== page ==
Attack of the extreme floods
On 8 September 2017, Thomas Wahl checked in at London’s Gatwick Airport for a nearly-empty flight to Orlando, Florida. A coastal engineer at the University of Central Florida, Wahl knew what was heading for his hometown: category-5 Hurricane Irma, which had already battered much of the Caribbean. He got on the plane anyway. “It was me, the pilot and a few Disney tourists who just didn’t care,” he says.
Irma’s heavy rains and powerful winds killed dozens of people across Florida. For Wahl, who rode out the storm in his family’s one-bedroom apartment, the experience was a rare chance to witness first-hand a phenomenon he has long worried about: extreme sea levels — what happens when storm surges, high tides and waves combine.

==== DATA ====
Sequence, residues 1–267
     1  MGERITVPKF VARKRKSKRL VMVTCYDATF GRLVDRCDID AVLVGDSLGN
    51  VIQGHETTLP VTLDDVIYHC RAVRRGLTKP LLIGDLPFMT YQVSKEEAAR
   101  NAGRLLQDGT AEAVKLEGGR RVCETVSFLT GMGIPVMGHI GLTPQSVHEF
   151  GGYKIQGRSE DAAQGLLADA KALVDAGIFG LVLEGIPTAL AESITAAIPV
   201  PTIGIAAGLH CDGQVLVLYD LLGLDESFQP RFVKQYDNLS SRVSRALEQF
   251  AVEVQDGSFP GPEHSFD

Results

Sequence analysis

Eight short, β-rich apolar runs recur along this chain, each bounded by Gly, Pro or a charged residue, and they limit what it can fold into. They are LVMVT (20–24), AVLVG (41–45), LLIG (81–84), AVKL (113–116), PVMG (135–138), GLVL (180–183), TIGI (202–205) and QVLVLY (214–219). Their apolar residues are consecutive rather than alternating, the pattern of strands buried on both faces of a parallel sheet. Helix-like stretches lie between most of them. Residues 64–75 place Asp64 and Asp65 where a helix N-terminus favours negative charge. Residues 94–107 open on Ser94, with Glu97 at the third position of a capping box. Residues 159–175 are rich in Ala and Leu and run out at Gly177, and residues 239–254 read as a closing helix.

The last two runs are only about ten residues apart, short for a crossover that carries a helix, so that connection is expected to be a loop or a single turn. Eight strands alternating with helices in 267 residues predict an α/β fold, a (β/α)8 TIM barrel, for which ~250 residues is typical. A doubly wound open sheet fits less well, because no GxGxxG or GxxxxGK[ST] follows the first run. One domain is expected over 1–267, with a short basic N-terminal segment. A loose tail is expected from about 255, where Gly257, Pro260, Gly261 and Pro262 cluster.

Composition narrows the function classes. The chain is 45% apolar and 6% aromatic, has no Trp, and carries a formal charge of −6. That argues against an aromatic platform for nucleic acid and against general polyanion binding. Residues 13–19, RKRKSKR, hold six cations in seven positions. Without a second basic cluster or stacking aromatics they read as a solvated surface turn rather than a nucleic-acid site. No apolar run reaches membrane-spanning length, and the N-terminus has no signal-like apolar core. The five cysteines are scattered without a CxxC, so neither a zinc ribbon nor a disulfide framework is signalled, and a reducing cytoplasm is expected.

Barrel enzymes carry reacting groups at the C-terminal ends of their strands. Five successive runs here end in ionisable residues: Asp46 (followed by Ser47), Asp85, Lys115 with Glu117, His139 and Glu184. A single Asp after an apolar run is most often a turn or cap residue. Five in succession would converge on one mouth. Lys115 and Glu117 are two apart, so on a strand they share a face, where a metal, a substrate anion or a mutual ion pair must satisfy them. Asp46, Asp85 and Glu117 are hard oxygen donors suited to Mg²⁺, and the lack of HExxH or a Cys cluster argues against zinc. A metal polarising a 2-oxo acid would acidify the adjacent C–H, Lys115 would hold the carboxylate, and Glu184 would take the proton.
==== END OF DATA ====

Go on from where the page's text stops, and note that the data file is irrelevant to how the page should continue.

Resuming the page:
Extreme sea-level events can send water pouring over coastal barriers, swamping people’s homes and drowning crucial infrastructure. They’ve happened, for example, in New Orleans in Louisiana and the surrounding region — still recovering from more than US$100 billion in damages caused by Hurricane Katrina in 2005 — and in Jacksonville, Florida, where Irma swamped parts of the city under 2 metres of water, trapping residents and closing bridges and the city’s international airport.